I found Gong Hyo Jin’s character in “It’s Okay, It’s Love” very refreshing. It was a relief to see that she was capable of playing such a confident and complex character after watching her Candy girl get trampled by everyone in “Greatest Love”. Her psychiatrist character plainly states that she does not care if she is called a bitch, because she feels no need to please everyone.
“Me Too Flower!” kept my attention by featuring a female lead played by Lee Ji Ah who was obviously suffering from depression. She knew she was unlikeable and lashing out at everyone, but she could not help herself. It was played to be realistic, not cute, which was a relief.
Only: Lee Bo Young as Hye Sung in “I Hear Your Voice” was a great character, not just because she was contrary, but because she was multi-faceted, and grew as a character over the course of the show.
We’re watching two fantastic female characters at the moment, as well. One is the loudmouth horny virgin ghost, Soon Ae of “Oh My Ghost” played by Kim Seul Gi and Park Bo Young.
The other is Jang Na Ra’s police detective, Cha Ji Ahn in “I Remember You”. In a recent episode, she was attacked in her own apartment. She held her own against a much larger opponent, but not past the bounds of believability.
Junggugeo Kaenada: I look at the roles that popular K-drama actresses like Gong Hyo Jin and Jang Na Ra are taking on, and I keep hoping that their recent choices signal the decline of the Candy character. Though, I suppose one could argue that actresses step away from the cutesy Candy character as a necessity of growing older.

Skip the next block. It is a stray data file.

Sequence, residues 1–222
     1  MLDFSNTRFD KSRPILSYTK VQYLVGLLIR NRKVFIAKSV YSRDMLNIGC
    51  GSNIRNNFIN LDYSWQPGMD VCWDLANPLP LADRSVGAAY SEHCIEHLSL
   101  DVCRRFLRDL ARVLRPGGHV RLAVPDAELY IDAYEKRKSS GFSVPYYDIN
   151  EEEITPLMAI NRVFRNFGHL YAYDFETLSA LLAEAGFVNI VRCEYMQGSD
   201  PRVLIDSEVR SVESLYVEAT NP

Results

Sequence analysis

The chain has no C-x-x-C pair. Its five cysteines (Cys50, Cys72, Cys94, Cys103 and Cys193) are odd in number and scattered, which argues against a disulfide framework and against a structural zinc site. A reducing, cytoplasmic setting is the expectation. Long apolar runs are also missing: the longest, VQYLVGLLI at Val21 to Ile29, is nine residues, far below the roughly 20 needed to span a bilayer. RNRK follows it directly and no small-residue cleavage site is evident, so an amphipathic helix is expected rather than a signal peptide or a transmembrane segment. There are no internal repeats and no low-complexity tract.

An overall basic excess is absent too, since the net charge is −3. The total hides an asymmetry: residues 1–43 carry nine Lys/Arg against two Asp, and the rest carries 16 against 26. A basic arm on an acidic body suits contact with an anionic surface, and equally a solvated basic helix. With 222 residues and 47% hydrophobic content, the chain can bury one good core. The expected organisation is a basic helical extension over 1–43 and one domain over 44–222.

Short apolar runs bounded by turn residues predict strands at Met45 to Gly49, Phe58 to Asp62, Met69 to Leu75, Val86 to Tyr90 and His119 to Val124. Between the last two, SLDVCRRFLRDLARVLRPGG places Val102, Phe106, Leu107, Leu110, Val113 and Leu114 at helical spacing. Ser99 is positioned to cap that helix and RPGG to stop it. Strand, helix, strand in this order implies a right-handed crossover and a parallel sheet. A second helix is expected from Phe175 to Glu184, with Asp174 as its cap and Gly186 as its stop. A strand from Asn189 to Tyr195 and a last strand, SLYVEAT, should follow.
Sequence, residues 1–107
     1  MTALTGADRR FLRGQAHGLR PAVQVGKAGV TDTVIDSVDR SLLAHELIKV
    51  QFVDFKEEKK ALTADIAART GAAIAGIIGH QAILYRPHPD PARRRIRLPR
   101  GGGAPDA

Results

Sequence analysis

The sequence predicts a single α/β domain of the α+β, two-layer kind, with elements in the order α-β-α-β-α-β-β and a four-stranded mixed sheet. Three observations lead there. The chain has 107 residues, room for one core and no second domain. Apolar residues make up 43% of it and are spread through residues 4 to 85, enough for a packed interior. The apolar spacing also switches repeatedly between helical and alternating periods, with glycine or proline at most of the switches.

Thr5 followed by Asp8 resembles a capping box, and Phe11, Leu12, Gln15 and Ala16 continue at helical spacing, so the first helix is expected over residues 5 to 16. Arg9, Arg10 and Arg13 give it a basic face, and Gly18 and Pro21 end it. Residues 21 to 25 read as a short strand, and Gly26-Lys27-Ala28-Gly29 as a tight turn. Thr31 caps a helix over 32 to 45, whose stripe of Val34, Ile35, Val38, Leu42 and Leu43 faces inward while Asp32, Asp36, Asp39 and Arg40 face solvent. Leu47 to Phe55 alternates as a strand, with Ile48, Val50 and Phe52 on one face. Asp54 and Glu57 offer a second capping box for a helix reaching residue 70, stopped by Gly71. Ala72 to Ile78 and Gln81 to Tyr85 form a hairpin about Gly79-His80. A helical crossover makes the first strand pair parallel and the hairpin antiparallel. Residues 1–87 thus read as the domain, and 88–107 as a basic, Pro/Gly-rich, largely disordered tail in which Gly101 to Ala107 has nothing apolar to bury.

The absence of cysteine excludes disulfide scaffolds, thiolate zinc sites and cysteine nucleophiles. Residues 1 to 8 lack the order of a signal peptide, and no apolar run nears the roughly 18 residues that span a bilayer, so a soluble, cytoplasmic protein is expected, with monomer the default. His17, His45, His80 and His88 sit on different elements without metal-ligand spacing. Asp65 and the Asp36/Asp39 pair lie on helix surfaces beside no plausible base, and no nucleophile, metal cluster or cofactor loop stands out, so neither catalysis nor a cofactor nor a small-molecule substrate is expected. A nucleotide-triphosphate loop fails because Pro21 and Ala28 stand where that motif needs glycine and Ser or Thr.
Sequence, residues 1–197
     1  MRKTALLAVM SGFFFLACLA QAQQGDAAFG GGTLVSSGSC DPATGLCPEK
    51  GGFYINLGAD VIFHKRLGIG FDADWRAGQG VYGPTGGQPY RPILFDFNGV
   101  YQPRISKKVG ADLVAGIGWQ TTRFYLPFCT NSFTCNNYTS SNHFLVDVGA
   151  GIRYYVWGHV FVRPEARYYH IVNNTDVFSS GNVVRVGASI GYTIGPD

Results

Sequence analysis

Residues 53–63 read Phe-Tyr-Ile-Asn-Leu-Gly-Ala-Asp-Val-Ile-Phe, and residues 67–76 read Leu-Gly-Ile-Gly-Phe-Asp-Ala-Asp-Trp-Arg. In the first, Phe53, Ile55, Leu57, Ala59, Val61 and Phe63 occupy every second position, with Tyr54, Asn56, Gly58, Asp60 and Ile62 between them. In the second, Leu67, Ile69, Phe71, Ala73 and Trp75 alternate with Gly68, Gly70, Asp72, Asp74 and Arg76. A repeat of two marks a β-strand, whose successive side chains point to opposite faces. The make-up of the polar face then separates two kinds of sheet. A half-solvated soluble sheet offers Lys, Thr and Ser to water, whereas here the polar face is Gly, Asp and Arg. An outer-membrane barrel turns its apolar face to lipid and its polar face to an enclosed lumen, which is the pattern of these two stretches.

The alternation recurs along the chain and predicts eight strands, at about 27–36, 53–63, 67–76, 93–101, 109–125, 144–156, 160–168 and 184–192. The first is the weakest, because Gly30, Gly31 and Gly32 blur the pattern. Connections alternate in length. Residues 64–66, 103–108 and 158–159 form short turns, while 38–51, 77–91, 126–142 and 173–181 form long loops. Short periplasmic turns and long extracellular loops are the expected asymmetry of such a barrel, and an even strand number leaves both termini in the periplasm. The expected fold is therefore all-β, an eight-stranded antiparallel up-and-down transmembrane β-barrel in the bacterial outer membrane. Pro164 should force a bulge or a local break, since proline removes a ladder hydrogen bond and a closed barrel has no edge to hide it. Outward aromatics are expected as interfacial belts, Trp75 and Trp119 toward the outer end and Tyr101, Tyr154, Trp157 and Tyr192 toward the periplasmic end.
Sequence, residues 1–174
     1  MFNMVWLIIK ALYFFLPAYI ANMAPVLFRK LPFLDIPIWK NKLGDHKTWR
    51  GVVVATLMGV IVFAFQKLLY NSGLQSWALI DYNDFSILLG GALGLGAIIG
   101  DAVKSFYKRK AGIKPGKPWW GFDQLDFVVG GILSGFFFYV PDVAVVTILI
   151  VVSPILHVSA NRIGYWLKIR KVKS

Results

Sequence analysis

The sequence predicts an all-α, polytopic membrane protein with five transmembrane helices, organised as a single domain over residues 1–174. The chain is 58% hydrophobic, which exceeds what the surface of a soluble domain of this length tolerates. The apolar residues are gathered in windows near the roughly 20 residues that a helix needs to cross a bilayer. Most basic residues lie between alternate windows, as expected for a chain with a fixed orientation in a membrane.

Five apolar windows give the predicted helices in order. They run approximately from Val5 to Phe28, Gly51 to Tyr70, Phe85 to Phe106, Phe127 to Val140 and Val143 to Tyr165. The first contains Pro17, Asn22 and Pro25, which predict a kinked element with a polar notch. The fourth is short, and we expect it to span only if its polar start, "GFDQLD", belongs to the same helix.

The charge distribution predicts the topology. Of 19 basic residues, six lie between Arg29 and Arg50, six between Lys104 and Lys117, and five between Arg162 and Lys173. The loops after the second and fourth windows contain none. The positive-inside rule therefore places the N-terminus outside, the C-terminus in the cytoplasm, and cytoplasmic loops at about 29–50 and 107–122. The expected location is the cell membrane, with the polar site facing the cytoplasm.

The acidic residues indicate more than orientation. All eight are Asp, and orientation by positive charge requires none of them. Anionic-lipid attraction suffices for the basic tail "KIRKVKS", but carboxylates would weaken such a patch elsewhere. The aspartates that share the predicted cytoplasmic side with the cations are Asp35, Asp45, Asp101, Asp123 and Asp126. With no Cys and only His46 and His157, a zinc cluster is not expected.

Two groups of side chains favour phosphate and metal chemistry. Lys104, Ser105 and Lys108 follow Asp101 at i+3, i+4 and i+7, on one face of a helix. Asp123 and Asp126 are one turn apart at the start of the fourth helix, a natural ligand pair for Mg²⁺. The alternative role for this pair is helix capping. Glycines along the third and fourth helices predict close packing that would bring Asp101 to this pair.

Only: I’m not sure if it’s that, or we’re actively seeking out dramas with more complex female characters. I’d be more curious to know if someone like Park Shin Hye is playing more interesting characters, since she’s pretty much an ingenue. I haven’t seen “Pinocchio”, but I know you watched it. Is she a Candy in that one?
Junggugeo Kaenada: Park Shin Hye finally kissed like a consenting adult in “Pinocchio”. Though people may think that it is crass of me to focus on that, I think it signals that she is ready for adult roles. Her character in “Pinocchio” was supposed to be gratingly blunt, but Park Shin Hye’s depiction smoothed out the hard edges of the character. To her credit, at least she tried a role that was not meant to be a Candy, so there is hope for the future.
Do you have hope for the future of women’s roles in K-dramas?
Only: I do. Given that dramas with strong female characters at the centre have been pretty successful recently, I see no reason for that trend to die out. One of the biggest dramas of 2014 was “My Love from the Stars”, and you can’t deny that Jun Ji Hyun’s Cheon Song Yi is a great, multi-dimensional character. And, she carried that show.
Junggugeo Kaenada: Let’s end on that positive thought so that we can start the KCON panel with a good attitude towards women in K-dramas.
Come join us at our KCON 2015 panel discussion: Women in K-Drama – Saturday, August 1.
Readers: what are your favourite female characters in K-drama?